Graduation Day for most teachers is a bittersweet affair—it is surely welcome since our summer vacations are just around the corner, but of course, it also contains the hardest part of being a teacher—saying good-bye to beloved students.
I was the Dean of the Senior Class this year, but as the year wound down, I felt less a sense of loss and more a sense of relief that we had weathered the year. After all, this was a senior class that witnessed no model of seniors before them here—this group had been the oldest grade three times, since they were the 10th graders when the school opened with 9th and 10th graders. Of course, that will never happen again, but as the oldest three times, and without older models, their growth was a little stunted. They never quite elevated themselves as senior classes do. One of the exciting things in a high school is watching the juniors become seniors and seeing that elevation, an emotional and psychological elevation and compulsion toward leadership, toward maturity, toward polishing all the skills they have as they propel themselves toward university. It was not the fault of the seniors entirely, it is just the nature of being the first graduating class.
Anyway, as the procession began, Julianne and I led the senior class through the inversion, past His Majesty, and in front of the sea of happy faces enthralled at the pomp and ceremony of our first graduation. Alia read the names beautifully—this is not an easy job—so that each name sounded like an angel granted the diploma. The senior then ascended the steps to the dais and shook the hands of our headmaster and His Majesty. Each graduate then walked around the perimeter of the audience and back into place. All to thunderous applause.
While I was not as emotional a wreck as I often am on Graduation Day, I couldn’t help but get choked up yet again over the abstraction of graduation. Here was a group of young people, full of the excitement of newly minted diplomas and hats in the air, off to exciting destinations around the world. About 70% of the class is attending university in the United States, with a bunch also in the UK, and some in Canada, and a group around the Middle East. Even with the frustration fomented by some of these adolescents, there is a beauty and promise in every graduation. They are not only linked to other graduations I treasure—at my former schools in North Carolina and New York, but of course, my own, a zillion years ago at the Coliseum in Cincinnati. There is a breathtaking beauty and poignance in watching a graduate clutch that little piece of paper that professes that they are ready to take on the next stage of the world.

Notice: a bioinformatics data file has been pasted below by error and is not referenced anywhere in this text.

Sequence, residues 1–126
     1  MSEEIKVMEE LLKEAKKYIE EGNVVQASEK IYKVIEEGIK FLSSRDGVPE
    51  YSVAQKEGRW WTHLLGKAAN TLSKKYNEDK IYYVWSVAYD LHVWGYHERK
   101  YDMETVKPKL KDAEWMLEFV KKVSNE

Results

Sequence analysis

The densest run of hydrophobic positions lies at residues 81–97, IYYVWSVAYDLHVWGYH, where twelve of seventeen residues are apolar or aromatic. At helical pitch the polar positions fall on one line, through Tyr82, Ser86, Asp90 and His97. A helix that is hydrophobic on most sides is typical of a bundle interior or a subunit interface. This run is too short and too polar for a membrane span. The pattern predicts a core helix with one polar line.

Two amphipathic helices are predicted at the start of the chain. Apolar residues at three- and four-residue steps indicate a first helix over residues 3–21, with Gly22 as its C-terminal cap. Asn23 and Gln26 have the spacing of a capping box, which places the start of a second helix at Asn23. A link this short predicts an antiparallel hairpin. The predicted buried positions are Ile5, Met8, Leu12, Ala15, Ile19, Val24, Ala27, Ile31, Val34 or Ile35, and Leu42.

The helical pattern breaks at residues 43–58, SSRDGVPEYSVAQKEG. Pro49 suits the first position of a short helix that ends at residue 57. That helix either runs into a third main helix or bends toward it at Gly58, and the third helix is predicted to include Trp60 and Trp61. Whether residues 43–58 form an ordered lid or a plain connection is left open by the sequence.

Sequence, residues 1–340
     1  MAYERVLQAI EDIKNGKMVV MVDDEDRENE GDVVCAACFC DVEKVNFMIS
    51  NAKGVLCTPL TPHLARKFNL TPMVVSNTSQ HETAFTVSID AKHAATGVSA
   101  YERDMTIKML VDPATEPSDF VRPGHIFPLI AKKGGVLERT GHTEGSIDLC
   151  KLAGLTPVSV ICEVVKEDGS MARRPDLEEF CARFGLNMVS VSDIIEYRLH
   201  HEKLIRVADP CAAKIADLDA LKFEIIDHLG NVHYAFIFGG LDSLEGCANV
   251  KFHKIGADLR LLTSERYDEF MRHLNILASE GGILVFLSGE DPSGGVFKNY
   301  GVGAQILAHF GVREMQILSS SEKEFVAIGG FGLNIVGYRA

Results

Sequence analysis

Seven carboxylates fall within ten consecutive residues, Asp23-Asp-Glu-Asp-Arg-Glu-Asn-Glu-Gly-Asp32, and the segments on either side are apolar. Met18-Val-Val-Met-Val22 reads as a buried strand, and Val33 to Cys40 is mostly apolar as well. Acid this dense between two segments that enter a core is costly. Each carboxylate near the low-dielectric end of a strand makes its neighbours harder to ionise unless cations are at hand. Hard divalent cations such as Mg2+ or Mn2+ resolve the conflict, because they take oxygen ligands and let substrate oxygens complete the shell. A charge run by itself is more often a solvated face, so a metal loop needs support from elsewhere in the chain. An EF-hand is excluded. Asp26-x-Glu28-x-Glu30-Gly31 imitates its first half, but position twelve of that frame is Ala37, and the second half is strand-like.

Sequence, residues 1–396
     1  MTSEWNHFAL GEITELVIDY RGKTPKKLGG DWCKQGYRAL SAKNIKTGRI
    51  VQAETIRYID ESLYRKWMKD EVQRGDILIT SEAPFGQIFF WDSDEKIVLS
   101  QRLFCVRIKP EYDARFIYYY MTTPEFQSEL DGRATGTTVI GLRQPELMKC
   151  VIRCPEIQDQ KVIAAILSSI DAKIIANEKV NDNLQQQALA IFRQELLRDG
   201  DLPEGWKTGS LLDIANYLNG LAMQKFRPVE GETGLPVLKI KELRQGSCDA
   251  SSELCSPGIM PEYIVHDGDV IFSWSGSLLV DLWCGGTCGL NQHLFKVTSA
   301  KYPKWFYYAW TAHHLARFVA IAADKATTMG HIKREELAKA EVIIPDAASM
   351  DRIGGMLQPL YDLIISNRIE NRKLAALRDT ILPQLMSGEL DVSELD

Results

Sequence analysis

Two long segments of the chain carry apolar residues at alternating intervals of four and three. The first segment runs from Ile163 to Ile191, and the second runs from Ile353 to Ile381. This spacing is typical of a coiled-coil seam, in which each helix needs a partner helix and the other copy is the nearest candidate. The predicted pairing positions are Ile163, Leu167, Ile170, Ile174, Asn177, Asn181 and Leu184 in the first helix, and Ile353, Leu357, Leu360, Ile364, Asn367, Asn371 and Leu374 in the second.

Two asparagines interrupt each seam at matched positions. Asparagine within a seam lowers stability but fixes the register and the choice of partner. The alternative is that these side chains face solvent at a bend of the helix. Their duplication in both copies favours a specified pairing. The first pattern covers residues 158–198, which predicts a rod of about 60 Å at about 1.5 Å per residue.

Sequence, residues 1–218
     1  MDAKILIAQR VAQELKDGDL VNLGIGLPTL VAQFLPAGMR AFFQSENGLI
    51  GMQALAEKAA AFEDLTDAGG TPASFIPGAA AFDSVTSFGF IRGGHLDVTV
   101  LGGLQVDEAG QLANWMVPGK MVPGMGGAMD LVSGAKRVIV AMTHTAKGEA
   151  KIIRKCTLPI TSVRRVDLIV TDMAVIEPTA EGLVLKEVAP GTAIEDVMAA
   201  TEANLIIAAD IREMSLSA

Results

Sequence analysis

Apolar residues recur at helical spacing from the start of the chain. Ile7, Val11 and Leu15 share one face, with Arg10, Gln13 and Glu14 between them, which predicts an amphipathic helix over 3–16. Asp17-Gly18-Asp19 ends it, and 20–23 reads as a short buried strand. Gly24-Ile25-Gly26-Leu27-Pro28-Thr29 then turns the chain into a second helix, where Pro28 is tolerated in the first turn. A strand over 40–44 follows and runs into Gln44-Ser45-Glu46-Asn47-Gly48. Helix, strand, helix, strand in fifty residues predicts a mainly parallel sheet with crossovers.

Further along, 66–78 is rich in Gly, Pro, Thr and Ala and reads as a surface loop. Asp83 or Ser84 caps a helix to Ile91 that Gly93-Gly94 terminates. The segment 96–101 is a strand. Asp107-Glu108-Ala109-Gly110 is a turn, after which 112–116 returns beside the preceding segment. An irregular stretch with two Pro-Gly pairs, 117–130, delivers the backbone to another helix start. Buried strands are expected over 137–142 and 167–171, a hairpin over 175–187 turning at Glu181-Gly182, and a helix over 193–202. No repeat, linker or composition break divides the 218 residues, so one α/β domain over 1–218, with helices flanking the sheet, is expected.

What will these graduates see in their lifetimes? What are they able to do and access because of this school? Because of these friends? What heartaches will they know? How will they manage those heartaches? How will they take advantage of the technology in the world and keep connected?
I started out the day mostly experiencing, as I said, relief. But then I thought of the words of the poet Wendell Berry, and another feeling consumed me. Berry wrote a poem called, “The Peace of Wild Things,” which I will copy here:
“When despair for the world grows in me
and I wake in the night at the least sound
in fear of what my life and my children’s lives might be,
I go and lie down where the wood drake
rests in his beauty on the water, and the great heron feeds.
I come into the peace of wild things
who do not tax their lives with forethought
of grief. I come into the presence of still water.
And I feel above me the day-blind stars
waiting with their light. For a time
I rest in the grace of the world, and am free.”
The poem touches on what it is to be human, to know despair and fear and doubt. These graduates will certainly encounter these emotions over the years, but the poem reminds us that we must seek solace and resolution. The speaker heads into nature and finds a peace. The line “I come into the peace of wild things…” and I think back to 150 blog entries ago when I wrote that some of the faculty looked at these new students at this new school, and we saw “wild dogs.” We joked in those early weeks that our students just felt a little raw, a little untrained…and like one man said, “they remind me of wild dogs.”
Here we were last week—in front of hundreds of attendants, with a proud monarch beaming over the graduates who are off to a stunning assortment of universities, many ivy league universities and other top-tier universities, and I found a peace in the midst of these formerly “wild things.”
Graduation is many things, certainly a time for parties and throwing of hats, and also that solace and resolution and peace. When I came to this place, this nature, this desert, this land of hot sun and stubbly earth, I wondered if I would find solace and resolution. I looked at the faces of the graduates, so untaxed by the grief and despair that will visit them from time to time, and while the bagpipes played, I enjoyed the echoes of grace.